Study Objectives: We evaluated if self-reported sleepiness was associated with neuroimaging markers of brain aging and ischemic damage in a large community-based sample. Methods: Participants from the Framingham Heart Study Offspring cohort (n = 468, 62.5 ± 8.7 years old, 49.6%M) free of dementia, stroke, and neurological diseases, completed sleep questionnaires and polysomnography followed by magnetic resonance imaging (MRI), 3 years later on average. We used linear and logistic regression models to evaluate the associations between Epworth Sleepiness Scale (ESS) scores and total brain, cortical and subcortical gray matter, and white matter hyperintensities volumes, and the presence of covert brain infarcts. Results: Higher sleepiness scores were associated with larger total brain volume, greater cortical gray matter volume, and a lower prevalence of covert brain infarcts, even when adjusting for a large array of potential confounders, including demographics, sleep profiles and disorders, organic health diseases, and proxies for daytime cognitive and physical activities. Interactions indicated that more sleepiness was associated with larger cortical gray matter volume in men only and in APOE ϵ4 noncarriers, whereas a trend for smaller cortical gray matter volume was observed in carriers. In longitudinal analyses, those with stable excessive daytime sleepiness over time had greater total brain and cortical gray matter volumes, whereas baseline sleepiness scores were not associated with subsequent atrophy or cognitive decline. Conclusion: Our findings suggest that sleepiness is not necessarily a marker of poor brain health when not explained by diseases or sleep debt and sleep disorders. Rather, sleepiness could be a marker of preserved sleep-regulatory processes and brain health in some cases.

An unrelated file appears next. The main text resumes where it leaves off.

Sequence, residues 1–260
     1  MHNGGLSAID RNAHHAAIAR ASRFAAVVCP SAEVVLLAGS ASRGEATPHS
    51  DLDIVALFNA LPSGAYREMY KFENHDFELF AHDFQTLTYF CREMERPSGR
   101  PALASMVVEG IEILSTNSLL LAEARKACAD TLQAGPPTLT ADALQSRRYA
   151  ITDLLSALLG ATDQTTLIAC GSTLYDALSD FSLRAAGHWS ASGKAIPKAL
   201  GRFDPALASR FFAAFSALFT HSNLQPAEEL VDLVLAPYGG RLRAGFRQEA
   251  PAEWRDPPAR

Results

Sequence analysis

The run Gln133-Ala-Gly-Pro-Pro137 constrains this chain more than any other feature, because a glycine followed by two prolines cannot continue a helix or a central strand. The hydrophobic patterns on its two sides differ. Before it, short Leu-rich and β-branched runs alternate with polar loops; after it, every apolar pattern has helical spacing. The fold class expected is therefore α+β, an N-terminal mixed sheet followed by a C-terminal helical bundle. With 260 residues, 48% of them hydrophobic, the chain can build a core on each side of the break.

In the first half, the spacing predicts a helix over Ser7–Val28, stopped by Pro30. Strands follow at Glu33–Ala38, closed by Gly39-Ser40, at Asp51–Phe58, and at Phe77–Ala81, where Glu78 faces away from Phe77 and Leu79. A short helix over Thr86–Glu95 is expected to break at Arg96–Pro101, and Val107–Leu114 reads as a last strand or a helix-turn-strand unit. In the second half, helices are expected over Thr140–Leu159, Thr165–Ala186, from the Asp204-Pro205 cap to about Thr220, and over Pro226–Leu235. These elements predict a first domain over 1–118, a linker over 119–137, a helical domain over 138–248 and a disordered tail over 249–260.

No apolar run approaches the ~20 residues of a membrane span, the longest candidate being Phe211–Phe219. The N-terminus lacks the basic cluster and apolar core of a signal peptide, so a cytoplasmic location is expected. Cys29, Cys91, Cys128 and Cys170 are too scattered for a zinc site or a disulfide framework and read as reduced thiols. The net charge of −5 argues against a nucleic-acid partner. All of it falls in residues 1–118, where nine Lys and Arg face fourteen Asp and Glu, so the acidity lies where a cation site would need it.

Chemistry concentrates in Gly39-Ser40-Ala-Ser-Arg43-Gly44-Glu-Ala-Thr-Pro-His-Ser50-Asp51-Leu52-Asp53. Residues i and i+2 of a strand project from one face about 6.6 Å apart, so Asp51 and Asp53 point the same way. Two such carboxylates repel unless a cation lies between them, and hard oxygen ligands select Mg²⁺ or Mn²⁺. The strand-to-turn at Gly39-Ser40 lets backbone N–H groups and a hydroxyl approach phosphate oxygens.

|Idioma original||English (US)|
|Número de artículo||zsac185|
|Estado||Published - oct 1 2022|
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